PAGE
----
It took me a long time to decide if I wanted to move into management. I've always loved the technical side of the IT industry and I've excelled in many different technical roles. Moving into the Leadership arena was something that I had a huge desire to do, but a large fear of as well. We've all experienced those difficult employees in our career and they can make work life hell. Imagine having to discipline and manage those people? Could I handle it? Would I let my team down? Would I have the skills or the patience? Would I be able to effectively communicate with the higher-ups?
As F. John Reh says in his "Dealing With Difficult Employees" article on about.com (http://management.about.com/od/employeemotivation/a/DifficultEE0605.htm), "All managers will have to deal with difficult employees during their careers. First, there will always be difficult employees. Second, it's your job as the manager to deal with them. If you don't deal the problem, it will only get worse."
Was I up for the challenge? Are you?
Open, blunt feedback
Here I sit today, having been in leadership positions over the last 5+ years and you know what I've learned? The most effective way that I've found to deal with those difficult employees is to have the straight, open, honest and blunt conversations. No one is going to understand the impact of their behavior if you don't tell them and they certainly won't change their behavior if they see that they are getting away with it. I've made mistakes in the past, trying to sugar coat performance and attitude problems and it has never turned out well. Employees don't get the direct feedback they need and the rest of the team suffers as the performance wallows and the attitude continues to stink.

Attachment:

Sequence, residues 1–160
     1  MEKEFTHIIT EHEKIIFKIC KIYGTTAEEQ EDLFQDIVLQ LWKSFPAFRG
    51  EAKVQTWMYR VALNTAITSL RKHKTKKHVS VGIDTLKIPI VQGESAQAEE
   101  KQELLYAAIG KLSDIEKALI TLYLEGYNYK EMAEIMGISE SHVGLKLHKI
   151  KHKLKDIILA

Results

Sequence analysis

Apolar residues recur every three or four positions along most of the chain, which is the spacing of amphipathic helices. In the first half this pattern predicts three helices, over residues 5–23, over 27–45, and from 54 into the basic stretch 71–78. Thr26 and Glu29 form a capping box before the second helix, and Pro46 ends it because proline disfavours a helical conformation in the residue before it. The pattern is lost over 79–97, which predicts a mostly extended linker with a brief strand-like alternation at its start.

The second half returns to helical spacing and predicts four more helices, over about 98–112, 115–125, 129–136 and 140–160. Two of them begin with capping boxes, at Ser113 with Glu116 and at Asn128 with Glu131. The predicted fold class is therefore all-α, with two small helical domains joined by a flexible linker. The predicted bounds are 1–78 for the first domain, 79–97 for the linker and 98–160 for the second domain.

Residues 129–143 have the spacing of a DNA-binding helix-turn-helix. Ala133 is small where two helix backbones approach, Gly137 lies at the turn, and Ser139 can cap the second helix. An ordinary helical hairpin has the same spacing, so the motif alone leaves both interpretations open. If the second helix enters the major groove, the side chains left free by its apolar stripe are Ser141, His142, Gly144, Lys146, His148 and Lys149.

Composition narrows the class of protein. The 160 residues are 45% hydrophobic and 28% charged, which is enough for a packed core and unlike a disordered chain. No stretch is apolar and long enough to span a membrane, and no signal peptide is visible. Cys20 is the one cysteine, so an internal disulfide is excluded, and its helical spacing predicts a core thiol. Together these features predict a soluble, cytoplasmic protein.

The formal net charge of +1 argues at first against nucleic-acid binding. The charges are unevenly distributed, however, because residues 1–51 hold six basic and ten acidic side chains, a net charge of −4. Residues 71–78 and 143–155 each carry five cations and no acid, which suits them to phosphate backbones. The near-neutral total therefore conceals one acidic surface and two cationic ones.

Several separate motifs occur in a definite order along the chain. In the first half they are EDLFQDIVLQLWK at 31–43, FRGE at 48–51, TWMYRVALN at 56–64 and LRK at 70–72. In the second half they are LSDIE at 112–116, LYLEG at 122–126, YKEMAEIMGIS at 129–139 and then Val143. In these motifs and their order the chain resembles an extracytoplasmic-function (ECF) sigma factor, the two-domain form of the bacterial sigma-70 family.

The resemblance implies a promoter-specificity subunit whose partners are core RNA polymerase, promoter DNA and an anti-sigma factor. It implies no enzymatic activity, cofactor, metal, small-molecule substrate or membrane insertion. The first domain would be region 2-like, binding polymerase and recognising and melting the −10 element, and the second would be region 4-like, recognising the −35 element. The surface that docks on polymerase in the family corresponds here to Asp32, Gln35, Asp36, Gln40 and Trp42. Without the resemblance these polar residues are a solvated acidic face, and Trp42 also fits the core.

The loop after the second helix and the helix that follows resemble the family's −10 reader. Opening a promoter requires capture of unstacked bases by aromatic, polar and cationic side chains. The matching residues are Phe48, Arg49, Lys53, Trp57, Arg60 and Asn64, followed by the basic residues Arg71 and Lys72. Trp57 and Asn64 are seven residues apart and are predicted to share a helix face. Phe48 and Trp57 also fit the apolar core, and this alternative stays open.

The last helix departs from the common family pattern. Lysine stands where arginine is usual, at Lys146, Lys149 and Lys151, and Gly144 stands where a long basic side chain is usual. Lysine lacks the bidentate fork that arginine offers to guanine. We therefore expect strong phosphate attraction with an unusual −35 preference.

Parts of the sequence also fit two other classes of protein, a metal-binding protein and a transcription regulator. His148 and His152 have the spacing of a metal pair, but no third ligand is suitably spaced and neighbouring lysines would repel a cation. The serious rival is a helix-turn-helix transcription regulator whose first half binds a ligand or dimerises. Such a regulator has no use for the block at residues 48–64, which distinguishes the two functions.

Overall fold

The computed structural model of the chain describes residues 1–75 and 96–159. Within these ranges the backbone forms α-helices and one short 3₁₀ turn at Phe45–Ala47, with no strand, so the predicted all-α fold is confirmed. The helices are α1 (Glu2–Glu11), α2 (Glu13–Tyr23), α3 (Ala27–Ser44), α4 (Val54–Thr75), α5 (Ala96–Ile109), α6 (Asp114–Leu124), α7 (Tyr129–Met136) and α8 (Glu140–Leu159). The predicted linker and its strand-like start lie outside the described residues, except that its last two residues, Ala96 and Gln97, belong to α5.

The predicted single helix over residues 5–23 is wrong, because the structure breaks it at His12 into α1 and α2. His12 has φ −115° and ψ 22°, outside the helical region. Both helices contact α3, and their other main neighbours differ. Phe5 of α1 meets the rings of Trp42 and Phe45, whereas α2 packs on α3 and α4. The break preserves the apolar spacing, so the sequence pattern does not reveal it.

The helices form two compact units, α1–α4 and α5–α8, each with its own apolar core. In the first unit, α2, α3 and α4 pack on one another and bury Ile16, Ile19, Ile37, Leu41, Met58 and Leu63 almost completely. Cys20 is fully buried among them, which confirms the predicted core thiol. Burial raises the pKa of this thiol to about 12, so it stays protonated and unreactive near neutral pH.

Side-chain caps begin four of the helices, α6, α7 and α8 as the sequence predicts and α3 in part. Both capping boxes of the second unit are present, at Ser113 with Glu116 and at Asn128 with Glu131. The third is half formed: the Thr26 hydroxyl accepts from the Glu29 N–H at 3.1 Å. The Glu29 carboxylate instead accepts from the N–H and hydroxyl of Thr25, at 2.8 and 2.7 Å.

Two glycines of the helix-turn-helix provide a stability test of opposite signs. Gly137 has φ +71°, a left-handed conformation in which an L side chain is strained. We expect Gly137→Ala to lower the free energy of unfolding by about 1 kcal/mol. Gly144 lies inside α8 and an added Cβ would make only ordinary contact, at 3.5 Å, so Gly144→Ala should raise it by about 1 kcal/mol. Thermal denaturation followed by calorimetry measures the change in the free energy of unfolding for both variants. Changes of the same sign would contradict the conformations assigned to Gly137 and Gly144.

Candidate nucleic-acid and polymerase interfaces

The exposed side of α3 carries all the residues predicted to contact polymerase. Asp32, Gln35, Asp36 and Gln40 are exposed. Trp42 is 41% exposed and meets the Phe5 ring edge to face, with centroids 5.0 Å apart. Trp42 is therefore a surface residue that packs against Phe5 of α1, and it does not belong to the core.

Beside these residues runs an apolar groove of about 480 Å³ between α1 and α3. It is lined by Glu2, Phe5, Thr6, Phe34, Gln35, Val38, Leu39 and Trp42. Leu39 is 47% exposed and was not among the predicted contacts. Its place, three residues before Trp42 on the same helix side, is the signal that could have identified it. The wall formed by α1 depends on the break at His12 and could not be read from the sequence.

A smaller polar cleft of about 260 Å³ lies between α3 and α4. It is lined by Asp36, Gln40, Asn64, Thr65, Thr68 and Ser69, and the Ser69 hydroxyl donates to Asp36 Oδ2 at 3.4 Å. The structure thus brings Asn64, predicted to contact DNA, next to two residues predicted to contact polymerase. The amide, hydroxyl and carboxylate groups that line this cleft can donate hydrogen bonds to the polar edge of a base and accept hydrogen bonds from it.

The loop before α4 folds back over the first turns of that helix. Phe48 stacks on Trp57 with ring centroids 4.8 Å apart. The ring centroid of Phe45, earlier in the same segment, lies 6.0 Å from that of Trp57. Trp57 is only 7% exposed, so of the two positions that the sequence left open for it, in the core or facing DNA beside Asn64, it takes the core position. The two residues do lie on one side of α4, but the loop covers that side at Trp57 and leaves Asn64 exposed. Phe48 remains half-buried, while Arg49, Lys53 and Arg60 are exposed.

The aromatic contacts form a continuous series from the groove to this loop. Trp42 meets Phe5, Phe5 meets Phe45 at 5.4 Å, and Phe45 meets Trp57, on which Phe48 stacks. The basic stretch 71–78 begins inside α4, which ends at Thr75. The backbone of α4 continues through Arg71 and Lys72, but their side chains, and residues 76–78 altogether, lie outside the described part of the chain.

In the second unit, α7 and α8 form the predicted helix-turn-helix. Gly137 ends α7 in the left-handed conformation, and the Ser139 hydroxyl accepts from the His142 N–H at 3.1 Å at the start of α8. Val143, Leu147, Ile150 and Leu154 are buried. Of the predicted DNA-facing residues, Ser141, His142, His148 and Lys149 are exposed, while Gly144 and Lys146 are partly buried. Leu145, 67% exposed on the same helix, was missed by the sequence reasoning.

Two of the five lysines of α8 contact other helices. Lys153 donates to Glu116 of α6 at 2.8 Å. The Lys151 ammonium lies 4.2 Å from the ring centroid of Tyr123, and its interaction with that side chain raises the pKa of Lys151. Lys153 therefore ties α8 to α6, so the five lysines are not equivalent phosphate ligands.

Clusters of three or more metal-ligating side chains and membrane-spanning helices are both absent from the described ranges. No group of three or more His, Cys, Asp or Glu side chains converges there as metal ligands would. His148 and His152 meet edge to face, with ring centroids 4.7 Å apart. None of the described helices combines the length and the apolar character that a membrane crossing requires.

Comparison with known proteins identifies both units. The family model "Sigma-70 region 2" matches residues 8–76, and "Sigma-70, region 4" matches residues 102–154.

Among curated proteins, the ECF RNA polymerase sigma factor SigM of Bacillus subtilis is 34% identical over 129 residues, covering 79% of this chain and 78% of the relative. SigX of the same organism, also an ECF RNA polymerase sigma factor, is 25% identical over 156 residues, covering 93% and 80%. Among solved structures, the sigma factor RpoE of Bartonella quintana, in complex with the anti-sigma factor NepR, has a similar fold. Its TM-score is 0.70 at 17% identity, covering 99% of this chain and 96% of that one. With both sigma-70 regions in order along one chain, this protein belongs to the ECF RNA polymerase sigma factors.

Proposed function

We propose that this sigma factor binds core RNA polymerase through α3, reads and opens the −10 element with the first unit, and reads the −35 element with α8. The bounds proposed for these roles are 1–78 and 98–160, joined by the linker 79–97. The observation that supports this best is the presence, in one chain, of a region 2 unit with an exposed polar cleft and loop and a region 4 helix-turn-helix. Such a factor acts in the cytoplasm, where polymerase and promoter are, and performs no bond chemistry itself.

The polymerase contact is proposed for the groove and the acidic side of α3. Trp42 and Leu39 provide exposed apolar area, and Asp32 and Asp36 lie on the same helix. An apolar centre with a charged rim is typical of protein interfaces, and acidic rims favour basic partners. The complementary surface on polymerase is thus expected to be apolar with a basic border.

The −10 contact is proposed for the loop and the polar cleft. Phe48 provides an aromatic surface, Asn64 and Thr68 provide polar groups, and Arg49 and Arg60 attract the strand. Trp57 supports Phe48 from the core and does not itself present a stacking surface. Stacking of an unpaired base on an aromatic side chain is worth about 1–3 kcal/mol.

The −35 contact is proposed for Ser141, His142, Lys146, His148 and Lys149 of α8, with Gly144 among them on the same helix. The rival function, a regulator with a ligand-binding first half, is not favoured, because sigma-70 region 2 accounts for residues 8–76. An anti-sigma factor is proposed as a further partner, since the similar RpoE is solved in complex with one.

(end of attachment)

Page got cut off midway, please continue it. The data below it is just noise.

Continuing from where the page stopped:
What happened when your parents would threaten you with some kind of punishment and then never follow through? Would your behavior get better? Mine sure didn't. I started to learn that my parents, and my mom in particular, were not able to follow through on their discipline and that opened up a whole range of possibilities for me, none of them good! The same will happen at work! If you as a leader do not address bad behavior, you can expect that bad behavior to continue and progressively get worse. To put it simply, you have no option here, you need to follow through. You need to be trustworthy to the team and live up to your word, or people will not follow you. This means executing on performance improvement plans and getting employees back on track.
I'm not saying that we should go out and fire every employee right off the bat or that we shouldn't cut people slack when things get a little rough for them. We as leaders need to be understanding and compassionate, but we also need to look out for the best interests of our entire team and everyone around us. That means having the tough talks, putting people on performance improvement plans if required, and in the worst case scenarios, that means terminating problem employees.
There are may faucets to human behavior and understanding why people do the things they do. These two points are only my observations and have helped me make sure that I have a high performing team that is successful within the organization.